June 20, 2008

Fellow to track respiratory viruses in Pakistan

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Syed Asad Ali, M.D.

Fellow to track respiratory viruses in Pakistan

Syed Asad Ali, M.D., a clinical fellow in Vanderbilt's Division of Pediatric Infectious Disease, has been awarded a grant to conduct respiratory viral surveillance in Pakistan.

The Global Research Initiative Program for New Foreign Investigators (GRIP) is funded by the Fogarty International Center of the National Institutes of Health.

It returns trained foreign investigators from developing nations to their home countries to stimulate research activity there and ultimately improve global health.

“The goal is to help bridge the knowledge and resource gap between developed and developing countries,” Ali said.

In September, Ali will begin investigating the burden of respiratory syncytial virus (RSV) and influenza virus in children under age 5 in Karachi.

These viruses are believed to lead to lower respiratory tract infections, a major cause of infant mortality worldwide. With the burden determined, the focus can then shift to providing vaccines.

We hypothesize the burden will be huge,” Ali said. “With vaccines, there is the potential to really make a difference if we apply our knowledge correctly.”

According to Ali, very little is known about what disease agents cause lower respiratory tract infections in developing countries, but there is currently a major global push to find the cause. This work is especially timely due to the anticipated release of an RSV vaccine.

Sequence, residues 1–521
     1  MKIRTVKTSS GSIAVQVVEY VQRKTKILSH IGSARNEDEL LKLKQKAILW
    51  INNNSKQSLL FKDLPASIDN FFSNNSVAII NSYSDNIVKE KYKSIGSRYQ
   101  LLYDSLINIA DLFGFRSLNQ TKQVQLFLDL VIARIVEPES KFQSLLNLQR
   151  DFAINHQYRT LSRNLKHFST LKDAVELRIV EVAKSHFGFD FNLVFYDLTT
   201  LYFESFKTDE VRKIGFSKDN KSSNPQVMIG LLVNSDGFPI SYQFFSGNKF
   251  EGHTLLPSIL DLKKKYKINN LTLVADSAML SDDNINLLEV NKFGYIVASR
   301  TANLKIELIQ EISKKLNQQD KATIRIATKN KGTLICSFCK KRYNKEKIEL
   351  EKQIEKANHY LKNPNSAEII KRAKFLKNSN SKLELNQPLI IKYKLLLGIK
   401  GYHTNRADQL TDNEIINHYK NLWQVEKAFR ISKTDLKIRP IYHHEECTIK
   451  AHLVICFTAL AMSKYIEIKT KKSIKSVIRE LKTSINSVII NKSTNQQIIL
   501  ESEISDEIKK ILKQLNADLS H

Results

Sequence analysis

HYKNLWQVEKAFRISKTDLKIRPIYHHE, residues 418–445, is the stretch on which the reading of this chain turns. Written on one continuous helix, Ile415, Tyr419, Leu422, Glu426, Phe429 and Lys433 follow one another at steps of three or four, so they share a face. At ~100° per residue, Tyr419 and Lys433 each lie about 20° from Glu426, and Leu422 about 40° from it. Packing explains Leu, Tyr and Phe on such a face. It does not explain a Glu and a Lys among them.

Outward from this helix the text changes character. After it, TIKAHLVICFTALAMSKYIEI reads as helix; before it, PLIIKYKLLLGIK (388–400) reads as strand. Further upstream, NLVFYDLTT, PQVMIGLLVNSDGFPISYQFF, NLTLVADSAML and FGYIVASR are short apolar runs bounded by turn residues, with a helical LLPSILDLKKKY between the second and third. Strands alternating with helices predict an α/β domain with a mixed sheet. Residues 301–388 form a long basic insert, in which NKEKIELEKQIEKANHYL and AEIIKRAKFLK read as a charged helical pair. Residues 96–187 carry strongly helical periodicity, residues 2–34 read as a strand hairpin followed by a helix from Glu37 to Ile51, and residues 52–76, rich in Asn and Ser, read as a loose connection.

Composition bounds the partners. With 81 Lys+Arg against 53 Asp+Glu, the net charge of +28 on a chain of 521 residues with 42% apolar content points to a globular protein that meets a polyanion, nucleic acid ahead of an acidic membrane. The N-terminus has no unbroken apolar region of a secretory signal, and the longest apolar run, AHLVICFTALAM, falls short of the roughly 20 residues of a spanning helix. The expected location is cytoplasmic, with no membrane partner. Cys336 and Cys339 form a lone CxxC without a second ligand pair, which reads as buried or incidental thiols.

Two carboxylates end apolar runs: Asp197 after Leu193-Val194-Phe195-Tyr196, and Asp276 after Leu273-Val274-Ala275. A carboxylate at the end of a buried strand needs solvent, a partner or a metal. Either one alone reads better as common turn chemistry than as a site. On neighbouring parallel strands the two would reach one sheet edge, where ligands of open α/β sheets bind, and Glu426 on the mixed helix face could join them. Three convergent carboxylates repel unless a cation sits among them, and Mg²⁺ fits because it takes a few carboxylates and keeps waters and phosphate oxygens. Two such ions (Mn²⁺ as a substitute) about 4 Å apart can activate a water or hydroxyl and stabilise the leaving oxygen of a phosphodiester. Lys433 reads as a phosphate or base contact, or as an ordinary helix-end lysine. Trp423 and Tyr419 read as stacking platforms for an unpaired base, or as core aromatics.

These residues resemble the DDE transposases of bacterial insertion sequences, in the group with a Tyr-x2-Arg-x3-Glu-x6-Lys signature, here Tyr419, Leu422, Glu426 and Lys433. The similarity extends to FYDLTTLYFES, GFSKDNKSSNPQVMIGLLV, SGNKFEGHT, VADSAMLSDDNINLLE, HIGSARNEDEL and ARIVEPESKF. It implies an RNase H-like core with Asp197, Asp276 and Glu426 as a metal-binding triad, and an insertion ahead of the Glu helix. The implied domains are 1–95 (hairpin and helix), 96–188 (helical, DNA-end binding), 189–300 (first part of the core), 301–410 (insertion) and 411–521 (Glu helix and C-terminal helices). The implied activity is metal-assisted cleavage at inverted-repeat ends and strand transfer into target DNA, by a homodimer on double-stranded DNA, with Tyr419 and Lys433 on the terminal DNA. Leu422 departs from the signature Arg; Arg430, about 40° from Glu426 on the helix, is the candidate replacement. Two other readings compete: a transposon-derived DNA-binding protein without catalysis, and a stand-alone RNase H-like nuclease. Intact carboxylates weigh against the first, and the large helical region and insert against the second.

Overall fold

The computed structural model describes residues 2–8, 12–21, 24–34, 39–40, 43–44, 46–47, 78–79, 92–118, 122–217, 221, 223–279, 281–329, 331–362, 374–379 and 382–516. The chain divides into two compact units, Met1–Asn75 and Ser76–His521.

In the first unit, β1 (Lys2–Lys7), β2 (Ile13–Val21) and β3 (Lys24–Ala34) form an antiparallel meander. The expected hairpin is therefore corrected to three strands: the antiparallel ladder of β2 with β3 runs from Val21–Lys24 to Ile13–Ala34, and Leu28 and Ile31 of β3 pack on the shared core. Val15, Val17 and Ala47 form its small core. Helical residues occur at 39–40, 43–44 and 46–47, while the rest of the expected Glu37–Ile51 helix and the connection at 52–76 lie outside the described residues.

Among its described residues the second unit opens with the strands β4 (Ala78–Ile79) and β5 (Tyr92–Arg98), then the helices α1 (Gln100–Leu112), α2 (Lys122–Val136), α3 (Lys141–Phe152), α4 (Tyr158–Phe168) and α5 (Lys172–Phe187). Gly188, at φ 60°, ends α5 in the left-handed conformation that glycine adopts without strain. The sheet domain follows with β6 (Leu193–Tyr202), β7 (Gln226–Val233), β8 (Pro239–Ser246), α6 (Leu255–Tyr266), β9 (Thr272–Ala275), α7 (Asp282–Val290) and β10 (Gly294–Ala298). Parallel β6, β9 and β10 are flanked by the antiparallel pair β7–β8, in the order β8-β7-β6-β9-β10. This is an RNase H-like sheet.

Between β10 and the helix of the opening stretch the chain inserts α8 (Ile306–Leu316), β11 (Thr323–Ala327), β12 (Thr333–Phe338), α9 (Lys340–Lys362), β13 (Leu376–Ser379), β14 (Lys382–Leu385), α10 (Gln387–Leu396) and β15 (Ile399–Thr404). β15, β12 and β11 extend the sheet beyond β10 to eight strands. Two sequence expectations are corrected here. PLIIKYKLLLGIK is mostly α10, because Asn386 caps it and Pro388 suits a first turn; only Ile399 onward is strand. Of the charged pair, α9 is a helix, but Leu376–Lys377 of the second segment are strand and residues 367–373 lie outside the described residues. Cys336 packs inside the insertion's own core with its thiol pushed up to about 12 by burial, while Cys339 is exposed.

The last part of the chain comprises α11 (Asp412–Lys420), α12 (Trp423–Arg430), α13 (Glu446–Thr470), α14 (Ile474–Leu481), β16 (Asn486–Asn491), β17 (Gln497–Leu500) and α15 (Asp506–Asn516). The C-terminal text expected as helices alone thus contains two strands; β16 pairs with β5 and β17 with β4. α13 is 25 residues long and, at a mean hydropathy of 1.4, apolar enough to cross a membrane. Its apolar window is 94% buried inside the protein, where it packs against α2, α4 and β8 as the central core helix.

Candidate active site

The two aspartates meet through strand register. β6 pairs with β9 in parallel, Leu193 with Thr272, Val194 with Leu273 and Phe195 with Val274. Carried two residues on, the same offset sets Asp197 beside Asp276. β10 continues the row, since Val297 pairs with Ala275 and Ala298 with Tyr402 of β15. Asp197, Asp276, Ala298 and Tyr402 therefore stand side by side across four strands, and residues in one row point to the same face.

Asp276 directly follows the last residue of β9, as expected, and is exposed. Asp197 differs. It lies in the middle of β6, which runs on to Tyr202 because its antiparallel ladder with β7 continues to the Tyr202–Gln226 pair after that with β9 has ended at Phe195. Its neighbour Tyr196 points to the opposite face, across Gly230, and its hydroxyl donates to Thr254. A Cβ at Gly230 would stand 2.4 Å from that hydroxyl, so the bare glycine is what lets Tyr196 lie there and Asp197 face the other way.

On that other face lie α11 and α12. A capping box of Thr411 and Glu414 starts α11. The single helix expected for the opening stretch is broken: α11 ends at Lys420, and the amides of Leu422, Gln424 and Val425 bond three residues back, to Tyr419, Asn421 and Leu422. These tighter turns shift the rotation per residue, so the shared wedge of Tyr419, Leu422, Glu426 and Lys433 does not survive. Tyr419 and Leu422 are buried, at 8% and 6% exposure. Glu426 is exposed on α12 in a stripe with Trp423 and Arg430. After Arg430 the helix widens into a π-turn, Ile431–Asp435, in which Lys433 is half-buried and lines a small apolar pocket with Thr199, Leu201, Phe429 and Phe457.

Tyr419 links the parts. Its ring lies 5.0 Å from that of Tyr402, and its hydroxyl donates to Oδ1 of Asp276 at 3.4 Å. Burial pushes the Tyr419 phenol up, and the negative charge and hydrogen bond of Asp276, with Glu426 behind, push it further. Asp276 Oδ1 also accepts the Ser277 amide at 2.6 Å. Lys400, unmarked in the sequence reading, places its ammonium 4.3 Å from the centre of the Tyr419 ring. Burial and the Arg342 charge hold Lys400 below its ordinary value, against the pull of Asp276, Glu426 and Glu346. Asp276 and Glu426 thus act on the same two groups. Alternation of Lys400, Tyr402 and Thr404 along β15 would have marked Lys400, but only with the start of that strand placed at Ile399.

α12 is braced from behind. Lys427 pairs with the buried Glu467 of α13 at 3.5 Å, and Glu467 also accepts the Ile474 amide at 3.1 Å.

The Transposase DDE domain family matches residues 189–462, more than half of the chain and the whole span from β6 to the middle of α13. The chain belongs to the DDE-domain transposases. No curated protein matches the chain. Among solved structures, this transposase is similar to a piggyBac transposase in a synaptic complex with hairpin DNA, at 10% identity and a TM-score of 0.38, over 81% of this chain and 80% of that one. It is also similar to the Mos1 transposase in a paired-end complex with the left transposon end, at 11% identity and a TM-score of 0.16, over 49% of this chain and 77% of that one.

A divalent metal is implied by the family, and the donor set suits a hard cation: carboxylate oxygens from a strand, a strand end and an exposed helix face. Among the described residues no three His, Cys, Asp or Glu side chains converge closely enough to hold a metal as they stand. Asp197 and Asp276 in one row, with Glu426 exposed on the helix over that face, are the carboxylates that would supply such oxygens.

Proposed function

Ali is optimistic that the vaccine will be available soon and said, “We need to be ready.”

The grant offers $50,000 of funding per year for five years. In this first year, Ali plans to establish a viral diagnostic lab at Aga Khan University that uses the latest technology, which he says will provide a “big edge” to the work.

In years two and three, children in the two major hospitals in Karachi will be tested to determine the inpatient burden. In the final years, the outpatient burden will be determined by testing children in the Bilal Colony, an urban slum.

“If you want to find the true burden, you must do this community-based research,” Ali said.

“Testing only in the hospitals will underestimate the burden because most deaths occur at home because the hospital is too far away or they can't afford the hospital.”

Ali was born in Karachi, Pakistan, and received his M.D. at Aga Khan University. He then came to the United States for his residency at Duke University and moved to Vanderbilt for his fellowship.

Ali's research will also draw on skills gained in the Master of Public Health Program.

Although he has accepted a position at his alma mater in Karachi, Ali will continue to work with his mentors at Vanderbilt University Medical Center, Kathryn Edwards, M.D., Sten Vermund, M.D., and John Williams, M.D.

“My vision was collaboration, and hopefully this is only the beginning,” Ali said.